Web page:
Leading architects, engineers and building professionals have joined forces to launch the ‘Climate Emergency Design Guide’, providing a blueprint on how the construction industry can tackle the climate emergency
The Climate Emergency Design Guide is published by LETI- the London Energy Transformation Initiative. Groups backing the call include the Royal Institute of British Architects (RIBA) and the Chartered Institution of Building Service Engineers (CIBSE).
Climate Emergency Design Guide
The Climate Emergency Design Guide outlines the requirements of new buildings to ensure that climate change targets are met.
This free to access new publication written collectively by more than 100 industry professionals and supported by thousands more, offers a blueprint on how the construction industry can react and work together to tackle the climate emergency.
Hywel Davies, technical director at CIBSE, said: “Delivering zero carbon buildings is a huge challenge. LETI has taken a major step to help the industry to work out how this is to be done for new buildings.
Gary Clark, chair of RIBA sustainable futures group, added: “2020 is the year of climate action. We urgently need clear and practical guides on how to deliver net-zero carbon future now.
“The new LETI guides fulfil this aim and are a timely addition to the growing suite of guides. This is a must-read for construction professionals.”
Carbon emissions from UK buildings
Unlike other parts of the economy, carbon emissions from UK buildings are not falling. The built environment has an essential role in meeting the government’s target of net-zero carbon emissions by 2050, and playing a part in stopping runaway climate change.
Currently, the UK is not on a coordinated track to meet these goals. LETI has been driving to create coordinated consensus and simple road maps to achieve our climate aims.
Commenting, Clara Bagenal George (associate at Elementa Consulting) who initiated LETI the London Energy Transformations Initiative (LETI) and lead editor of the report, commented: “The building industry knows that we should be designing climate-friendly buildings now, but unfortunately only a fraction of new properties are of the standard needed to meet our climate targets.
“We know how to do it, but without the government showing similar ambition, unfortunately we will drift further from where we need to be. This collective call from all parts of the building industry is a clear and straightforward explainer of what is expected of us and how we can get there.”
Cutting carbon emissions
Achieving the UK’s net-zero emissions target will require cutting carbon emissions from all areas of the economy, before balancing the rest with negative emissions, such as planting trees or investing in technology to remove carbon from the air.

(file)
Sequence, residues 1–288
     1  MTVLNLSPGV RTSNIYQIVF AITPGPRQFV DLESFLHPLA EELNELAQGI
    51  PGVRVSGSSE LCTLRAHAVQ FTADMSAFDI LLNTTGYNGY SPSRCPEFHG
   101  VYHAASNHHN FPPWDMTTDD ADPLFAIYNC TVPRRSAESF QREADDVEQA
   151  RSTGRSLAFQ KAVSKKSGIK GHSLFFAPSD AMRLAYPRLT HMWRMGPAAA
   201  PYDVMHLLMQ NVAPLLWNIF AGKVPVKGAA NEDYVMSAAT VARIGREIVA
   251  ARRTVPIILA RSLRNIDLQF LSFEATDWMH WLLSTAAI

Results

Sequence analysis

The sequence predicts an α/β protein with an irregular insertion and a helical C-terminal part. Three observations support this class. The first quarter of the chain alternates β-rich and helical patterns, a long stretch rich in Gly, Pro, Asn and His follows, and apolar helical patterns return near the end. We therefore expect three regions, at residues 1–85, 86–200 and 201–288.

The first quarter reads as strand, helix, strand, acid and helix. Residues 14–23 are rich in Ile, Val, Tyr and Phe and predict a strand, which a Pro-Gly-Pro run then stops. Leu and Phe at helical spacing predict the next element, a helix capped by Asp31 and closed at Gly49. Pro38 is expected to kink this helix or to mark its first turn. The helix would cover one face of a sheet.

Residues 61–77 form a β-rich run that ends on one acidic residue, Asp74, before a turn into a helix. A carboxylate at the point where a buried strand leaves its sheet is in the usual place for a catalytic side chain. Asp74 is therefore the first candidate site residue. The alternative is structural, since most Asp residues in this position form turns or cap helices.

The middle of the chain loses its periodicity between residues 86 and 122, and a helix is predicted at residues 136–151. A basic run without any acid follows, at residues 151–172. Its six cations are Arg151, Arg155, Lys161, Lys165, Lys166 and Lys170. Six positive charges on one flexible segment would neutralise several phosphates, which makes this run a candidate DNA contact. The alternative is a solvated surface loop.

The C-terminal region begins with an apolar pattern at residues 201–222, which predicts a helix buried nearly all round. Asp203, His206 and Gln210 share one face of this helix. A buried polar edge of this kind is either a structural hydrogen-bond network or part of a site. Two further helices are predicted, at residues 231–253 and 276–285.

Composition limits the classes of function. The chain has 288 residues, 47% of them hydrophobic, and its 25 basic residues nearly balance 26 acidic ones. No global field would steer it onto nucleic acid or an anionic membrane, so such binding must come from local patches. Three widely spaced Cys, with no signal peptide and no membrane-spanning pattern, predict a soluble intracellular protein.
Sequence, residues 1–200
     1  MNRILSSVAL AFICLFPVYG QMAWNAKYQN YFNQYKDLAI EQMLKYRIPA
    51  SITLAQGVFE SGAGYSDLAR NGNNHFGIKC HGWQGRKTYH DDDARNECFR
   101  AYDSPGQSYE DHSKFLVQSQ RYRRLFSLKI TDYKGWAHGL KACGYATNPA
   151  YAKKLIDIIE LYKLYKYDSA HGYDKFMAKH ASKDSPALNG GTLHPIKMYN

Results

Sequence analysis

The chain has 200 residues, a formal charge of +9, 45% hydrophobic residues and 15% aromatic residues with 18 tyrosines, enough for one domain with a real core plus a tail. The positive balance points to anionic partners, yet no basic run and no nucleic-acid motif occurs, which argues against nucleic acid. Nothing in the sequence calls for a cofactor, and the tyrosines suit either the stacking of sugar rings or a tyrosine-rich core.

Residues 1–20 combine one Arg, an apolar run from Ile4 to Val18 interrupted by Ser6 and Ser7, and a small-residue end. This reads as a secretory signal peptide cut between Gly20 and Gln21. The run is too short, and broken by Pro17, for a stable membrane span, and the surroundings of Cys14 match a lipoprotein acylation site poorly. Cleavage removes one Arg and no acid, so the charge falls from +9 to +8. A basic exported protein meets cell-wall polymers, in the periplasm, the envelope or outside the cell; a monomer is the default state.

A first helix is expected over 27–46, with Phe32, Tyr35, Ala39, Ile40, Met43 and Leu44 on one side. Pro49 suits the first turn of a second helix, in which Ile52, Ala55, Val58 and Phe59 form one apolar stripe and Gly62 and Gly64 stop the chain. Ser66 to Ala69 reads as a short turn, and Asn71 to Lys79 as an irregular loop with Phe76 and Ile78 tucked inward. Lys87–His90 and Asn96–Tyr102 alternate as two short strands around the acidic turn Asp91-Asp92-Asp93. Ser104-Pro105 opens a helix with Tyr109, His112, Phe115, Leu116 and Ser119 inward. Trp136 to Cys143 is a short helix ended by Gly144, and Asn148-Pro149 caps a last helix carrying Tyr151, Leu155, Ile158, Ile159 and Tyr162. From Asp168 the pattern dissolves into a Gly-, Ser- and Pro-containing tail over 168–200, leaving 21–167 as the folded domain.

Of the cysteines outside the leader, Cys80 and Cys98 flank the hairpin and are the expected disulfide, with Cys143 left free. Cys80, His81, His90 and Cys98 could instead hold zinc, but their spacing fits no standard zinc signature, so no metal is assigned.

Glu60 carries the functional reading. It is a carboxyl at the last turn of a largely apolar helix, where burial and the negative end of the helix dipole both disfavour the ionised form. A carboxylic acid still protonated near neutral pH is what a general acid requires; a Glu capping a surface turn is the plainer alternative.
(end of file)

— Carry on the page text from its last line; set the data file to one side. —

Building new homes to the highest efficient standards is the first step in cutting emissions from housing. The government’s statutory advisors on climate change, the Committee on Climate Change, have said that new homes should use much less energy than those currently being built, that in-use performance should be used instead of modelled performance, and that a plan to retrofit the existing building stock is urgently needed. Many of these points are echoed by industry in the Climate Emergency Design Guide.
Clare Murray (head of sustainability for Levitt Bernstein) design editor of the guide, said: “The Climate Emergency Design Guide has been a year in the making and forms a consensus from over 100 professionals on how we can meet net-zero carbon. It graphically explains the definition of whole life carbon, how to achieve net-zero operational carbon, the relationships between operational and embodied carbon and much more.
“With spreads providing guidance for domestic and non-domestic archetypes and key performance indicators – this guide aims to make technical guidance on zero carbon accessible to the wider industry.”
Standard design practice
The research and thought presented in the document demonstrates that the building industry knows how we should be designing buildings now, from 2020, but that clear leadership and guidance is required to promote wide-ranging positive change. Buildings that adopt these requirements now will be seen as leaders.
By 2025 for new buildings and 2050 for our existing stock these requirements must become standard design practice otherwise the building industry will not meet our collective responsibility in this Climate crisis and we will fail our next generation.
The Guide represents voices from across the buildings sector, including Allies and Morrison, Feilden Clegg Bradley Studios, Levitt Bernstein, Elementa, Hawkins\Brown, DRMM, Haworth Tompkins, Woods Bagot, Etude, Cundall, AECOM, BDP, Hilson Moran, Thornton Tomasetti, ACAN, XCO2, Currie & Brown, Verco and Twinn Sustainability Innovation.